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JORDAN: Press freedom group condemns club-wielding mob's raid on news agency

June 18, 2011 |  9:46 am

11182-1Press freedom groups are calling attention to a raid on the office of the Agence France-Presse news agency in the Jordanian capital earlier this week after it reported that the motorcade of Jordanian King Abdullah II was pelted with bottles and stones during a tour in a southern city. 

Paris-based Reporters Without Borders "strongly condemned" the attack in a statement on Saturday.

On Wednesday, AFP's Amman bureau became a scene of chaos and violence when a group of club-wielding men descended on the office, storming the facility and smashing furniture and office phones, according to Reporters Without Borders. 

AFP's Amman bureau chief Randa Habib told the group that she had received threats since the bureau reported the alleged stone attack on the king's motorcade.

“I received a phone call threatening me and warning me that we would pay dearly for what we had done,” she said. “This attack is a new warning, with the aim of scaring, but Agence France-Presse will continue to operate as normal."

Aside from press freedom groups, the raid also prompted outrage from AFP's headquarters, which blasted the attack in a letter dispatched to the Jordanian prime minister.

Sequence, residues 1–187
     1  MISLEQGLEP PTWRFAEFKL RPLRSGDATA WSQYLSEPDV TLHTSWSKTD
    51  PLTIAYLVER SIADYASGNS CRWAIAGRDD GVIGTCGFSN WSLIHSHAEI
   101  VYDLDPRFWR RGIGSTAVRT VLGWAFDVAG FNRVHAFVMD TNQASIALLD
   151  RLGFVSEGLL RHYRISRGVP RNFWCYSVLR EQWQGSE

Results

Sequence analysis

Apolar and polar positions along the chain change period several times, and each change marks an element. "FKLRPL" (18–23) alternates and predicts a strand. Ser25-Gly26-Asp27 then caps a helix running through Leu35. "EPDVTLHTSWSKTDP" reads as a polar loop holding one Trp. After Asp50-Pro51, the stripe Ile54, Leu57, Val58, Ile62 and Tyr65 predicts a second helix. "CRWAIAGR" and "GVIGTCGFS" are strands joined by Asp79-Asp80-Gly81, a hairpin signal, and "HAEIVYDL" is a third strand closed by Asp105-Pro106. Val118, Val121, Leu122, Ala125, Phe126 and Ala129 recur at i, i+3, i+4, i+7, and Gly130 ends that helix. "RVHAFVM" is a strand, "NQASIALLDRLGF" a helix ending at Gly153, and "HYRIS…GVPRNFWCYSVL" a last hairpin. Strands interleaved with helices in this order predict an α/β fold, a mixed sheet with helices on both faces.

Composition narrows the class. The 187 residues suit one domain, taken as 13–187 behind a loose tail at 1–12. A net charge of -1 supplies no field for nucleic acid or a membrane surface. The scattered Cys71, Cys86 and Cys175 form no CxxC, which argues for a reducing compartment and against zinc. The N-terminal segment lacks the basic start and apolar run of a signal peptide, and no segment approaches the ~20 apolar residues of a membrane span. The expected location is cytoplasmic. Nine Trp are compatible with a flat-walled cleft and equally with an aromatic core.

“Such behaviour is totally incomprehensible in a country that claims to follow the rule of law," wrote AFP Chairman and CEO Emmanuel Hoog. "These acts of physical and verbal violence have a serious impact on the work of journalists and therefore impact on the freedom of expression and information.”

And on Thursday, dozens of journalists and press freedom activists gathered outside AFP's office to protest against the attack and called on the Jordanian authorities to bring the perpetrators to justice, Jordanian media reports said.

The incident wasn't the first time AFP's Amman office has come under threat during a time of widespread unrest throughout the Arab world. In February, the agency reported that Jordanian Bedouin tribes had accused Queen Rania of corruption. Following the report, AFP suddenly stopped receiving copies of speeches by the king and announcements of his official visits, according to RSF.

 -- Alexandra Sandels in Beirut

Photo: AFP bureau chief Randa Habib speaks to reporters at a protest outside the news agency's Amman office on Thursday. Credit: Nader Daoud / Jordan Times website

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